Nick Hornby was born in 1957, and is the author of six novels, High Fidelity, About a Boy, How To Be Good, A Long Way Down (shortlisted for the Whitbread Award)Slam and Juliet, Naked. He is also the author of Fever Pitch, a book on his life as a devoted supporter of Arsenal Football Club, and has edited the collection of short stories Speaking with the Angel. He has written a book about his favourite songs, 31 Songs, and his reading habits,The Complete Polysyllabic Spree. In 2009 he wrote the screenplay for the film An Education. Nick Hornby lives and works in Highbury, north London.

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Customer Reviews

Most Helpful Customer Reviews
39 of 41 people found the following review helpful
5.0 out of 5 stars What Does Music Mean To You? 7 Jan. 2004
What a great book. I cant explain how much it means to read honest, insightful and funny thoughts about music. But if music is your bread & butter (& jam) then you'll read it and just get it.
The chapters are song titles, but Hornby’s book is less like 31 song reviews, and more like a collection of essays about what music means and has meant to him, and how he has evolved musically. This is a passionate man who makes a lot of sense. As well as exploring a big bag of beautiful, personal, classic tunes that have shaped his musical development & generally made life more enjoyable, he talks about the value of a good pop song, puts musical intellectuals in their place, and admits to all kinds of uncool favourites. Cant really say more except, read it. If you're a happy music addict, you look back fondly at all the stuff you used to like, the stuff you didn’t used to like but now do, and now look forward to all the great stuff you’ve yet to hear and love - this book is for you. Thank you NH.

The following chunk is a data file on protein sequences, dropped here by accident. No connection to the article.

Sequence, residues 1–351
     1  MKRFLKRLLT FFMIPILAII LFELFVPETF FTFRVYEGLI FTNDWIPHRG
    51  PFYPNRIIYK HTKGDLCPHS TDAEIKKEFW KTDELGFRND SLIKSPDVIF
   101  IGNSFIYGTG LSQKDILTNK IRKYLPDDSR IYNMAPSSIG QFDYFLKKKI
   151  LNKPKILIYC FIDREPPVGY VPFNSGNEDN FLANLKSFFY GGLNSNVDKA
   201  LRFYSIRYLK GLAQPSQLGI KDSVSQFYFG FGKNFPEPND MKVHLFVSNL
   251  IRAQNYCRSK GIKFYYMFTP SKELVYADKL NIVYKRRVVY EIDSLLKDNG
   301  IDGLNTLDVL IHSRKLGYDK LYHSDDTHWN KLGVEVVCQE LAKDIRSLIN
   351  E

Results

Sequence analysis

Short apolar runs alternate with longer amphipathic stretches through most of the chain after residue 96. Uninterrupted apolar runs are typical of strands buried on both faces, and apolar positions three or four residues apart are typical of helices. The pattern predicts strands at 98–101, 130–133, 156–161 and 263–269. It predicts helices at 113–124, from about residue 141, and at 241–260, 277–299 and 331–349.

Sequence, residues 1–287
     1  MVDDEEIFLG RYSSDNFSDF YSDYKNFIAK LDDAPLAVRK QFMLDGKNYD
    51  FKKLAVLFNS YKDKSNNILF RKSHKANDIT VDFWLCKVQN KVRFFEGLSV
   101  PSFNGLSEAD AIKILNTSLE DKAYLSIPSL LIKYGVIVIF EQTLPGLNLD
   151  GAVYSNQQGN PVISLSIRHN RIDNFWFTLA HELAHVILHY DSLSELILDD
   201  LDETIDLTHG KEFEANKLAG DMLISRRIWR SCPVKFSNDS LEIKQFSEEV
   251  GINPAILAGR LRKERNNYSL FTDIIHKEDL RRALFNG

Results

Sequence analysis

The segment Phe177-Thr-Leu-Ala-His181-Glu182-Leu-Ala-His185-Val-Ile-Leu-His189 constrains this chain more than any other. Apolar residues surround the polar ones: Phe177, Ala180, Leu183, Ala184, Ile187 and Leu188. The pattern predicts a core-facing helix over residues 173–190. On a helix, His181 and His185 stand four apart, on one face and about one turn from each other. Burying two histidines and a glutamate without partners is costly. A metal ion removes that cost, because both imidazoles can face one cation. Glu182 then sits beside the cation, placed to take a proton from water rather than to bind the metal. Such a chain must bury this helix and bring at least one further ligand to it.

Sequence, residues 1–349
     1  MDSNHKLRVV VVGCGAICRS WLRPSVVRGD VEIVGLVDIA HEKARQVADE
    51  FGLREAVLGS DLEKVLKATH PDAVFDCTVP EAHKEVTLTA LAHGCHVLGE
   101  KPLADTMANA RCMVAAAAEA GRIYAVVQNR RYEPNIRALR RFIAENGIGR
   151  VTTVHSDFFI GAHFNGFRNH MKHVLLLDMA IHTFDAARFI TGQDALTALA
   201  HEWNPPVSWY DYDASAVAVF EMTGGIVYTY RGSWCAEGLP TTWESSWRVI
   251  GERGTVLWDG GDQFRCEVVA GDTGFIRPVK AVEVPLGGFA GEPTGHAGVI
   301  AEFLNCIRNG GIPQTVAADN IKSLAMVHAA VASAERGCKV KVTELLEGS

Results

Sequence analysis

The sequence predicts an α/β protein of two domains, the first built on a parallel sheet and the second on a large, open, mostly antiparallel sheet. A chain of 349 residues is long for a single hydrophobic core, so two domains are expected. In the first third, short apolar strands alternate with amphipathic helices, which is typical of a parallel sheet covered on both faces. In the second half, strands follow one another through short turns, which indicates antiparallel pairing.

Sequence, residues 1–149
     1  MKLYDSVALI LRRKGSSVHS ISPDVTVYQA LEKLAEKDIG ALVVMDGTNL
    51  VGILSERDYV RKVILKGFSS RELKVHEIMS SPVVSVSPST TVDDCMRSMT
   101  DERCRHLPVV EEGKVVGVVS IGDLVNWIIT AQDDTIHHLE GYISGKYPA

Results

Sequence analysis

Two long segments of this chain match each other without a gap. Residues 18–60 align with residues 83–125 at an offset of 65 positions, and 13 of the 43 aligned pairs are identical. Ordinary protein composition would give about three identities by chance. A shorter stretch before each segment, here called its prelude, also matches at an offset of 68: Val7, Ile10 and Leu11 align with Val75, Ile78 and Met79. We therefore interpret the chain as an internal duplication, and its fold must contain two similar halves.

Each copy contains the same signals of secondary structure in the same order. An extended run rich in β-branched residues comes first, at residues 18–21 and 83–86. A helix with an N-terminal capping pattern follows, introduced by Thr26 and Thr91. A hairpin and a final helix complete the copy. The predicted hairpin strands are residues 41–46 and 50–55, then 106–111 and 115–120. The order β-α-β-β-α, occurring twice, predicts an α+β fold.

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47 of 50 people found the following review helpful
5.0 out of 5 stars Singin' Him His Song... 22 Jan. 2004
“Songs are what I listen to, almost to the exclusion of everything else. I don’t listen to classical music or jazz very often, and when people ask me what music I like, I find it very difficult to reply, because they usually want names of people, and I can only give them song titles”.
So began the illustrious gathering of 31 songs – most of them loved, some of them once loved and all of them significant to Nick Hornby. They begin with Teenage Fanclub’s ‘Your Love Is In The Place Where I Come From’, ending with Patti Smith’s ‘Pissing In A River’, and encompassing singers as varied as Van Morrison and Nelly Furtado, songs as different as ‘Thunder Road’ and ‘Puff The Magic Dragon’ (reggae style). He discusses, among other things, guitar solos and singers whose teeth whistle, and the sort of music you hear in ‘The Body Shop’.
The mind of a musician is a difficult one to fathom, that of a music fan is even more so. Hornby lists his favourite songs and albums, by way of anecdotal explanation, and describes just what it is about music that stirs the blood in his trademark succinct and sparse fashion. He reveals intimate details about his family with touching references to his autistic son and his hope and fears for his future.